School librarians provide critical assist during pandemic

As teachers and students have struggled with the move to remote and hybrid learning, they have been there as a backbone of support
By: | September 21, 2020
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Whether by drone or bus or curbside pickup, school librarians have managed to get materials in the hands of teachers and students throughout the COVID-19 pandemic.

Though many of their physical spaces remain off limits or limited in use, library professionals still have been providing critical resources and assistance to schools. For example, they have played a massive part in the shift to remote learning as conduits for both teachers and parents, sharing their knowledge about the digital space while getting them the tools they need to help maintain consistency from classrooms to virtual worlds.

They’ve also been a last line of defense for many schools by providing direct assistance to teachers, while ensuring that both equity and access are maintained.

In the past few months, they’ve been watching closely as schools have scrambled to find the right balance for students. In early August, more than 1,100 were asked to discuss their roles and their thoughts in a Back to School Snapshot Survey done by The American Association of School Librarians (AASL).

One of their takeaways: students are not prepared with the necessary “research and social-ethical skills” required for remote or hybrid learning models.

“All learners and educators do not have equal technological supports which is often needed to apply information technology appropriately to ensure academic success,” said Kathy Carroll, president of AASL. “Yet school librarians are at the forefront of teaching and learning. Success in life and work includes the use of critical thinking skills, collaboration, innovation, and information and digital literacy.”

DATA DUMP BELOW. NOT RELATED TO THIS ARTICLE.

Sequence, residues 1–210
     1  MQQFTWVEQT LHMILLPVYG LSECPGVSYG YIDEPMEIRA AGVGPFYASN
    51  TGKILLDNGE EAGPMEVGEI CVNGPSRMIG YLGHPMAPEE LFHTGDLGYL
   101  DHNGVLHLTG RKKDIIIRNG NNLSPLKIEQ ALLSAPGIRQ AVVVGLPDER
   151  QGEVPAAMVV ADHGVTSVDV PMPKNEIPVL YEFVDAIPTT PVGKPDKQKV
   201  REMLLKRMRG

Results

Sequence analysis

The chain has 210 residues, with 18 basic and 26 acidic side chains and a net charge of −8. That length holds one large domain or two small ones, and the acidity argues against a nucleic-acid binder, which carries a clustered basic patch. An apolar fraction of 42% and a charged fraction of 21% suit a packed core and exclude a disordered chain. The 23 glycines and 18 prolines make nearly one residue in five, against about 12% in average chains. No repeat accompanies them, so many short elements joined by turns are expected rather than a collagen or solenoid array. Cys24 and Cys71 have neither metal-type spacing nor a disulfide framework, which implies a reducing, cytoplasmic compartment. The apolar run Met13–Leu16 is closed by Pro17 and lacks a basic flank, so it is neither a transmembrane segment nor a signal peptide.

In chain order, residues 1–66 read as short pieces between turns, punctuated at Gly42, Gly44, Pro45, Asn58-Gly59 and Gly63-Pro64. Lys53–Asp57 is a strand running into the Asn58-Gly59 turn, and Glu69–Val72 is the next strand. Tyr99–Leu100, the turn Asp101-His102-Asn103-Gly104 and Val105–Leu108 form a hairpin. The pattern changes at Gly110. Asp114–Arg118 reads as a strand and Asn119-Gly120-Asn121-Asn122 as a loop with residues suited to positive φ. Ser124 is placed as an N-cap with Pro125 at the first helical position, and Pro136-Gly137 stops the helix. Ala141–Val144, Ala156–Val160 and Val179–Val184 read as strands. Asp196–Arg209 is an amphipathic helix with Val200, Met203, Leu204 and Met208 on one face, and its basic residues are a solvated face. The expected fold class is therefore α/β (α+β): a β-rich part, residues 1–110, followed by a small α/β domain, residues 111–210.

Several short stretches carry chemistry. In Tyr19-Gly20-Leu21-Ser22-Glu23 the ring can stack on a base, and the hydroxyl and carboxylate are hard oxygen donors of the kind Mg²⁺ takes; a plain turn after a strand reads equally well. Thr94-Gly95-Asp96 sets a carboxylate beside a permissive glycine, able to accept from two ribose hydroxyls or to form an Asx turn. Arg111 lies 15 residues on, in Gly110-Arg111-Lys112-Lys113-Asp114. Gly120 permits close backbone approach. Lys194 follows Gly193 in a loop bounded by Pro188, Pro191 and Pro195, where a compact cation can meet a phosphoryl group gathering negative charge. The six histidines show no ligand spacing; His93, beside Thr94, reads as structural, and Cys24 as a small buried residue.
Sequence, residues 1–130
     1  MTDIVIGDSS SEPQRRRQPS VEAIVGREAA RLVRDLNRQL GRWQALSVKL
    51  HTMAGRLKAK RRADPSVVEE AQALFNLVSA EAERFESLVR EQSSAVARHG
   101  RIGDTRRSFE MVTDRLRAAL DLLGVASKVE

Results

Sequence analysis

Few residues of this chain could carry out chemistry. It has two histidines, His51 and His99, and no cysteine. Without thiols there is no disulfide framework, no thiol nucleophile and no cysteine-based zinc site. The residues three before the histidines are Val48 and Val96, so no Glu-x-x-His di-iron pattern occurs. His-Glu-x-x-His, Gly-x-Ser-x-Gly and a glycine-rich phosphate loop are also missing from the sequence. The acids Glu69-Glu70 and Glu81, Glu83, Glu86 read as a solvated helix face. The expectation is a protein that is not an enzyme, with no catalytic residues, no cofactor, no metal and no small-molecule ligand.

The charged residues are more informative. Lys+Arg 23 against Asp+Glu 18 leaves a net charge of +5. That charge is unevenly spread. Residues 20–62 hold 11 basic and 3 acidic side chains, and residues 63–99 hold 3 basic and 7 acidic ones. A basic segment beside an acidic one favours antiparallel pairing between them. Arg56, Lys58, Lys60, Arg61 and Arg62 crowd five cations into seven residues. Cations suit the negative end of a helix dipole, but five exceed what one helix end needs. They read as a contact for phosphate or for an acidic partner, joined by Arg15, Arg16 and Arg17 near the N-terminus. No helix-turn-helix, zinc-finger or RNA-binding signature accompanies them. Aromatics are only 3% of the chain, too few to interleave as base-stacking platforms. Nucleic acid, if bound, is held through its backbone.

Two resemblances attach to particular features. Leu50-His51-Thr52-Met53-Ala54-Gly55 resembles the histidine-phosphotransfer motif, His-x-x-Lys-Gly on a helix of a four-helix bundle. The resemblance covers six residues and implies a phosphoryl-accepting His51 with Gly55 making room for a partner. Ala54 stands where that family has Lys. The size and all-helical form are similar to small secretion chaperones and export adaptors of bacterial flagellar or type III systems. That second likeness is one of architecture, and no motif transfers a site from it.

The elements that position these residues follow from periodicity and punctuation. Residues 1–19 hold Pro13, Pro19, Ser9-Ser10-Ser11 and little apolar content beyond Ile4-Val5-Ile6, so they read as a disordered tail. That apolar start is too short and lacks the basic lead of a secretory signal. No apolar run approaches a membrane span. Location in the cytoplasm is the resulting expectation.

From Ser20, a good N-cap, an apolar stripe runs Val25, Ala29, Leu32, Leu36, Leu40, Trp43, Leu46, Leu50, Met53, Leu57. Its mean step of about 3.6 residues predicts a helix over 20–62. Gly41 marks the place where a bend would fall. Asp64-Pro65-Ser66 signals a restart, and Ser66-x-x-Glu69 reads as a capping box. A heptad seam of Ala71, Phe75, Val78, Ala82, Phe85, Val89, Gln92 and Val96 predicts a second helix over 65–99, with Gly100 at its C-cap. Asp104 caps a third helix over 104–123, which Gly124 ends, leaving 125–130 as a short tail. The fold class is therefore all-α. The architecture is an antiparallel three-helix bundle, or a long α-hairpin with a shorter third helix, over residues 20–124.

The AASL says librarians can play a key role in helping students with digital literacy, from simple tasks such as coming up with keywords in research studies to helping glean information from sources once they find them. Students, who have struggled with differentiating the validity and accuracy of information online, can also turn to libraries for assistance with any articles.

Inside the numbers

According to the American Library Association, of the more than 82,000 public and private K-12 schools in the US with libraries, only 60% employ full-time certified librarians. That number is only 8% in the state of Michigan. Students at schools that don’t have one have less of a chance to succeed, notes the ALA, citing numerous studies.

How many school libraries were slated to be fully opened and operational when the school year started?

Only 12% at the building level, according to the AASL survey, whose respondents covered more than 1.3 million students. A deeper dive shows that 29% had social distancing measures in place, another 29% were fully open but had no activities allowed and 17% were using their spaces as classrooms.

Many librarians polled noted that their jobs were ever-changing, with 50% says they were taking bookcarts to classrooms for “in-class” checkouts. While 55% said they were teaching remotely, another 38% said they were co-teaching on campus.

Despite all of the changes, librarians report that teachers and students have had little problem getting their hands on books they need. Those at the school district level said 94% of books continue to be circulated. Librarians in the survey did note that school budgets continue to trend more on spending for e-books for libraries (48%) than on physical texts (41%).

Their biggest concerns for students during the pandemic and this school year? Aside from digital citizenship and research skills, they noted that identifying students in need of non-academic support is difficult and that students are falling behind in hitting key milestones. Lack of socialization and safety also were highlighted by the group.


Chris Burt is a reporter and editor with District Administration. He can be reached at cburt@lrp.com


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